Where is the non-alcoholic beer market heading to? Companies and brands. Baltika as a democratic leader. Heineken – how do you shake up the market and shove up the competitors. AB InBev Efes – premium corner. Non-alcoholic import beer. Non-alcoholic beer - Who drinks it? General conclusions. Summer beer. ...
“Catalogue of Russian Beer Producers 2020” includes 1285 businesses ranging from large subsidiaries of international companies to rather small restaurant and craft breweries.This issue has 171 more breweries compared to 2018 (155 business have been excluded and 326 have been included).Starting from 2019, FTS has been publishing data on excise payments by brewers (delayed by 1.5 years), that can be translated into beer equivalent for most of producers.Depending on the volumes, we ranked the brewers that provided information by 6 groups (see pic.). At one end of the production spectrum there are 2/3 of breweries outputting less than 10 thousand decaliters. Their net share amounts to as little as 0.2% of the total beer output volume. On the other end there are 6 federal groups accounting for almost 80%. ...
Dmitry Nekrasov’s Philosophy — on the Past, Present and Future of Ukrainian Brewing IndustryA meeting with Dmitry Nekrasov always turns into a training course: “Introduction to brewing business“. We are talking to a clever “playing trainer“ a person that can be called a godfather of the Ukrainian craft. He has a dozen of successful projects to his name. Dmitry told us about craft beer in Ukraine, on market cycles, on specifity of operating in retail and HoReCa, on union of Ukrainian brewers and certainly, how a brewery of his own, First Dnipro Brewery is doing.
The market of import beer in Russia: review and databasesThe market of import beer is rapidly growing and changing. But while in the past years it was growing due to brands variety, in 2019 major and affordable brands from TOP-10 were developing actively. It seems that the fact of a brand origin from far abroad counties, even if it is not well known but has moderate price and good distribution provides for million liters of sales in the territory of Russia. Among distributors AB InBev Efes was far behind, yet the role of Baltika and suppliers of the second row got more important. The boom of German brands was followed by stagnation of import from other traditional regions (and Belarus) instead the supplies from Mexico, Lithuania and Asian countries grew considerably.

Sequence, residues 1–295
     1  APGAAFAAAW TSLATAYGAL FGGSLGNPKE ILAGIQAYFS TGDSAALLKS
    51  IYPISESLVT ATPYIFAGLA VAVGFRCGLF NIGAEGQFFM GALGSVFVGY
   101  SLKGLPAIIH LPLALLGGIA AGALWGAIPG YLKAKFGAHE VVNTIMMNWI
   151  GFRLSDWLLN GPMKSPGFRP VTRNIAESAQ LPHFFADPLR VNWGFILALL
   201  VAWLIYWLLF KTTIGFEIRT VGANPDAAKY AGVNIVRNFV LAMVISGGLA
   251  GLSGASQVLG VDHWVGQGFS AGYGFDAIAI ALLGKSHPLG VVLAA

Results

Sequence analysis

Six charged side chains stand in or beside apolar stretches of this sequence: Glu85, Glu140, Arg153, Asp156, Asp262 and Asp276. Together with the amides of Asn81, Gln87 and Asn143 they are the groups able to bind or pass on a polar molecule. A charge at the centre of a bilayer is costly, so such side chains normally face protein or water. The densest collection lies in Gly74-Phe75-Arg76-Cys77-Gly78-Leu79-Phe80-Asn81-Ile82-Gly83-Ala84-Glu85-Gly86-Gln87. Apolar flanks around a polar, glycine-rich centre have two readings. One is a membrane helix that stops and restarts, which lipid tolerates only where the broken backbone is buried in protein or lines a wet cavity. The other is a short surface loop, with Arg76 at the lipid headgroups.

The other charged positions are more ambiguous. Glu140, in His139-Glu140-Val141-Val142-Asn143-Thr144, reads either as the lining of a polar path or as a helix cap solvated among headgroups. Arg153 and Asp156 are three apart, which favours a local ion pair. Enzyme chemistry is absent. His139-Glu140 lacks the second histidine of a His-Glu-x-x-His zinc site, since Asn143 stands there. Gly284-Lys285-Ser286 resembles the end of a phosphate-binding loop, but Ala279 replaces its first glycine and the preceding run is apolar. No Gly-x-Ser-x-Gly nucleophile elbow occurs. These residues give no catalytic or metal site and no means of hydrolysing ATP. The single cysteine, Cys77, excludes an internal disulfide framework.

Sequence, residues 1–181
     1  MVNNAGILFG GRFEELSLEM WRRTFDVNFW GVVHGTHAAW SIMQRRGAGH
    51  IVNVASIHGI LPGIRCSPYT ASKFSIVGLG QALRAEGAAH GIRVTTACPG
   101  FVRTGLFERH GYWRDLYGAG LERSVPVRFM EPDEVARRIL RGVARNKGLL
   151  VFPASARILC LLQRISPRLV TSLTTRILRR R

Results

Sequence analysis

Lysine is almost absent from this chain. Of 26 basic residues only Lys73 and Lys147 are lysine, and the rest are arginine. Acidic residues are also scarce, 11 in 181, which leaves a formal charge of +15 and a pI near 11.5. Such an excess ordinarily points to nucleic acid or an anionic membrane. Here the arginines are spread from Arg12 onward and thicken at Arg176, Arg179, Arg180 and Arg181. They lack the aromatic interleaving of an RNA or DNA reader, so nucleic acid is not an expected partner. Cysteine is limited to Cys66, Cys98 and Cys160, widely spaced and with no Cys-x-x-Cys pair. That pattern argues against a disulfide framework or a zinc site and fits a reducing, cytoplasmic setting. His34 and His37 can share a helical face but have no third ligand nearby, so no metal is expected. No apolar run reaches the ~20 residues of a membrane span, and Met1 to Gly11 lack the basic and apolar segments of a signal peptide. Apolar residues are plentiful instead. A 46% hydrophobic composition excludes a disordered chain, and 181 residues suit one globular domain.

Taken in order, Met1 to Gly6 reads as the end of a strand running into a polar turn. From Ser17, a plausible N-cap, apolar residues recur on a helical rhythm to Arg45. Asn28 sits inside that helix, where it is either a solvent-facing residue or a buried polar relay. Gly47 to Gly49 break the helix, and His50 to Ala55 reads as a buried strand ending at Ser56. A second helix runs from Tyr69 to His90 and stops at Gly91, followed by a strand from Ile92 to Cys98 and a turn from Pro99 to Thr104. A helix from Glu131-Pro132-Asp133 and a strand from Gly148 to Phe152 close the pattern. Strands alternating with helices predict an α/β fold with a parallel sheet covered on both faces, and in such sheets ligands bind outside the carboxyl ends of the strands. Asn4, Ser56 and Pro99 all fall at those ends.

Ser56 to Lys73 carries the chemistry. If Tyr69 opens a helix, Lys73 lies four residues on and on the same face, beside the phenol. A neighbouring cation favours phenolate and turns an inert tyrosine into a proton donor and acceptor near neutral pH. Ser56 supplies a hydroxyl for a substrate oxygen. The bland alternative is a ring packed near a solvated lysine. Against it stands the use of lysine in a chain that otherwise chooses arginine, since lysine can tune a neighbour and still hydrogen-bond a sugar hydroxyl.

Feed barley potential rises on the back of demand for malt barley in China
But some hope it may also open the door for increased exports of lower quality feed grade barley.
China is the world's largest consumer of food and beverages and is one of the fastest growing food and beverage markets in Asia.
According to global market research group Euromonitor International, Chinese expenditure on food and beverage products in 2016 is expected to reach US$976 billion.
Sales of mid-range and premium beers are growing, which groups like the Australian Export Grains Innovation Centre (AEGIC) hope will translate to more exports of Australian barley to China.
Australia is a dominant player in world barley export markets, representing more than 40 per cent of the world's malting barley trade and 20 per cent of the feed barley trade.
China and Australia 'mutually dependent' barley markets
AEGIC chief executive officer Richard Simonaitis recently returned from conducting workshops in China with Chinese brewing and malting companies.
He said the workshops were intended to help Chinese brewers and malt processors understand the technical potential and value of the varieties, which included La Trobe, Flinders and Spartacus.
"Providing this type of in-market support is crucial to ensure Australian grain is well understood and valued by our major customers," he said.
More than half of the malting grade barley grown in Australia currently goes to China.
"It takes about 30 per cent of the Australian crop, which is the biggest export destination for barley coming out of Australia by a long streak," Mr Simonaitis said.
"It's really quite a strong market for it, we're mutually dependent on each other really. China needs Australia's malt barley, just as much Australia needs that market."
But a spin off of AEGIC and other organisations building relations with China around malt barley could be increased demand for Australia's lower quality feed barley.
"There was a lot of enquiry about feed barley," Mr Simonaitis said.
"There's a very strong feed industry in China: they use a lot of corn, they use a lot of soybean meal, they use a lot of sorghum.
"They're just starting to understand that feed barley can help buffer some of the mildly toxic effects that badly stored grain can have," he said.
"It's a calming additive if you like to go into the feed rations, which helps take away some of the impacts of poorly stored grain coming out of China.
"It certainly sounds like there is a good understanding of the value of Australian feed grain and of course feed barley is the one that we have a readily available supply of."
18 Июл. 2016